Prince Edward and his wife Sophie, the Countess of Wessex
Prince Edward and his wife Sophie, arrive at Trondheim cathedral in a file photo.

Jewels received as gifts from a tainted government by two Royal family members are drawing unwanted attention.

Prince Edward and Princess Sophie accepted jewels from the royal family of Bahrain during a visit in December 2011.

The gifts have run into a controversy as the Bahraini government has been accused of committing human rights violations and suppressing popular anti-government protests using high-handed methods.

Denis MacShane, former foreign office minister, said the gifts should be sold and the proceeds distributed among victims of last year's political unrest, reports the BBC.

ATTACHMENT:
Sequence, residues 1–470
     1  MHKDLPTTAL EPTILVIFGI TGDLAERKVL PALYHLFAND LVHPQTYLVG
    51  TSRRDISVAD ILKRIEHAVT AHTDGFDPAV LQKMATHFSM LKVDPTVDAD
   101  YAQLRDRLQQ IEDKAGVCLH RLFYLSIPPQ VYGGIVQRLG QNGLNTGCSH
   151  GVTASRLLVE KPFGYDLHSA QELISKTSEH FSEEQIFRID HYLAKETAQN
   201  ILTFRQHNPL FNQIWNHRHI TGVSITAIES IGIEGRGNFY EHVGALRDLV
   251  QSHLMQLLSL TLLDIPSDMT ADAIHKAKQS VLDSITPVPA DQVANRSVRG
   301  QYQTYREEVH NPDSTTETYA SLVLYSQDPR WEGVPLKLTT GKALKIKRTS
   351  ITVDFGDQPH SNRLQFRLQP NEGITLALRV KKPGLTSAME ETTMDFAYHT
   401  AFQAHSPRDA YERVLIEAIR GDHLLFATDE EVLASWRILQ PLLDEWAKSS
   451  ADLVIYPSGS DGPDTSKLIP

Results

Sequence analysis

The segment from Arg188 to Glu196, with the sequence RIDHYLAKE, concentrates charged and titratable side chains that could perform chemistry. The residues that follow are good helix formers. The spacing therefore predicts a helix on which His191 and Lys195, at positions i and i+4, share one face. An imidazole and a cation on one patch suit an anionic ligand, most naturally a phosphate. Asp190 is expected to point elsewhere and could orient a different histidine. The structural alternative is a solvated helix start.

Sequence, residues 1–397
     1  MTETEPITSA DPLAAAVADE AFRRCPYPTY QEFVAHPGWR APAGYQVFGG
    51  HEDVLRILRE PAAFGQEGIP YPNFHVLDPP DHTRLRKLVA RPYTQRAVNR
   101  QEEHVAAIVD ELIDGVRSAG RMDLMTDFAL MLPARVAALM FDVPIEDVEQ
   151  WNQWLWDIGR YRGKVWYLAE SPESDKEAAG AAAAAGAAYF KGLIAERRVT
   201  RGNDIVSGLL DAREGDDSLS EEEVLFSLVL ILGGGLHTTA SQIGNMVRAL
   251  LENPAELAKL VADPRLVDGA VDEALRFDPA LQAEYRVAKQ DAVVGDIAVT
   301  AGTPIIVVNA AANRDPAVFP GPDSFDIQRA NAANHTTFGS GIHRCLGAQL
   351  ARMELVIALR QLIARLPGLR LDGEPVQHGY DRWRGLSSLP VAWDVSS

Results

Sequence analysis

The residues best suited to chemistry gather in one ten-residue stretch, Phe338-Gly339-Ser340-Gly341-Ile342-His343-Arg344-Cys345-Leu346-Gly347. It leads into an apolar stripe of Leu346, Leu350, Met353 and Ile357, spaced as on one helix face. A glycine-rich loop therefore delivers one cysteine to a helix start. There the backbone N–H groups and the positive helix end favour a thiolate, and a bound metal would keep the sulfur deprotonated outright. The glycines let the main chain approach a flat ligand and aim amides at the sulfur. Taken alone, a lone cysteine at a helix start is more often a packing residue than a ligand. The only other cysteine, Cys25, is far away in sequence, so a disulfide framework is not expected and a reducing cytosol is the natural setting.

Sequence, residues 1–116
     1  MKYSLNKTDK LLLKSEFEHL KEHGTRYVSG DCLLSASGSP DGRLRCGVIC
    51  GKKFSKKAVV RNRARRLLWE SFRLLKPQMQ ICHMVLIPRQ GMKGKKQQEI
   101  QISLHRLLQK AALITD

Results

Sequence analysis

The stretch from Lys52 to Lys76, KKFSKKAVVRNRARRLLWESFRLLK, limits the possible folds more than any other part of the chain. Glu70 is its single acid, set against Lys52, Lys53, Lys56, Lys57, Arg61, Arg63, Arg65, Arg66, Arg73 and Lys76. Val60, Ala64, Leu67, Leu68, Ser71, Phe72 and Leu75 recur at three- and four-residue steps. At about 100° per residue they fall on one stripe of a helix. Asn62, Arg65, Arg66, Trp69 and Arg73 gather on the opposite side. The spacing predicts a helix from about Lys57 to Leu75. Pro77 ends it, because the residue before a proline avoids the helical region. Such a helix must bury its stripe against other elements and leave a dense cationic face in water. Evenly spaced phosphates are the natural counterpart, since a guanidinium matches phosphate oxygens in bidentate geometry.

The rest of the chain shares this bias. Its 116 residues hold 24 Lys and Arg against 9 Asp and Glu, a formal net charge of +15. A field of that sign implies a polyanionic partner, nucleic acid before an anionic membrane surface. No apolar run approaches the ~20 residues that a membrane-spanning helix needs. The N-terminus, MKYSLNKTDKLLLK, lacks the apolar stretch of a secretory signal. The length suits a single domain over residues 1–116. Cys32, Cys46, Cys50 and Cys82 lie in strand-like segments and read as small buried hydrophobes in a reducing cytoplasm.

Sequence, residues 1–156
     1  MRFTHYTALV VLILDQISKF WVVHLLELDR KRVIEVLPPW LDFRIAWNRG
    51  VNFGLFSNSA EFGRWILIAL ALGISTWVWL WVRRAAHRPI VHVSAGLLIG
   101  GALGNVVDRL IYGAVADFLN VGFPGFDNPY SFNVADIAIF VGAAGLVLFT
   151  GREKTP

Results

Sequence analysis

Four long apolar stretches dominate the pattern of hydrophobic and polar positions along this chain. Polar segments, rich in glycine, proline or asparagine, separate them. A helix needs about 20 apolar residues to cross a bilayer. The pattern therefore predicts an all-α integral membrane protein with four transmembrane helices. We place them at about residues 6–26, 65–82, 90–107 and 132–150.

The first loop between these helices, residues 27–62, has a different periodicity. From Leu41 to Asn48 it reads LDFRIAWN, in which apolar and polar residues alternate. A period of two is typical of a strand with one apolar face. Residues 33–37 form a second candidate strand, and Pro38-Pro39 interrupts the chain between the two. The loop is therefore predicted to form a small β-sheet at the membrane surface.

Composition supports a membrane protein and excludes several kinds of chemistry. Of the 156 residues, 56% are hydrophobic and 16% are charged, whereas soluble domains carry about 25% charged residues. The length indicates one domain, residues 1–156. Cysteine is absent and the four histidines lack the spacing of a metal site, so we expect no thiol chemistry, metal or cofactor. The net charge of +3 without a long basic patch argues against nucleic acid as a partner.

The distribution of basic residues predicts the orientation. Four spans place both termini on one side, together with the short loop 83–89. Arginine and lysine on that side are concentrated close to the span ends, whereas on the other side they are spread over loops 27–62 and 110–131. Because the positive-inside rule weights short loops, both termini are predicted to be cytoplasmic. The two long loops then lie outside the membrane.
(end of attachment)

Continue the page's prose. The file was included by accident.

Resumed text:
The 46-year-old Countess of Essex received two sets of jewels, one from King Hamad bin Isa Al Khalifa and the other from Prime Minister Sheikh Khalifa bin Salman al-Khalifa. Prince Edward received a pen, a silk rug and a watch. The couple was also gifted a silver and pearl cup by the monarch.

News about the gifts emerged when Buckingham Palace declared details of all gifts and souvenirs received by the Royals in 2011.

According to official gift guidelines, items received in an official capacity are not kept with the person but become part of the Royal Collection.

The guidelines and procedures relating to gifts of the Royal Family state: "Before accepting any gift, careful consideration should always be given, wherever practicable, to the donor, the reason for and occasion of the gift and the nature of the gift itself. Equally, before declining the offer of a gift, careful consideration should be given to any offence that might be caused by such action."

Also, if personal gifts are received, passed on or sold by Royal family members these would be taxable.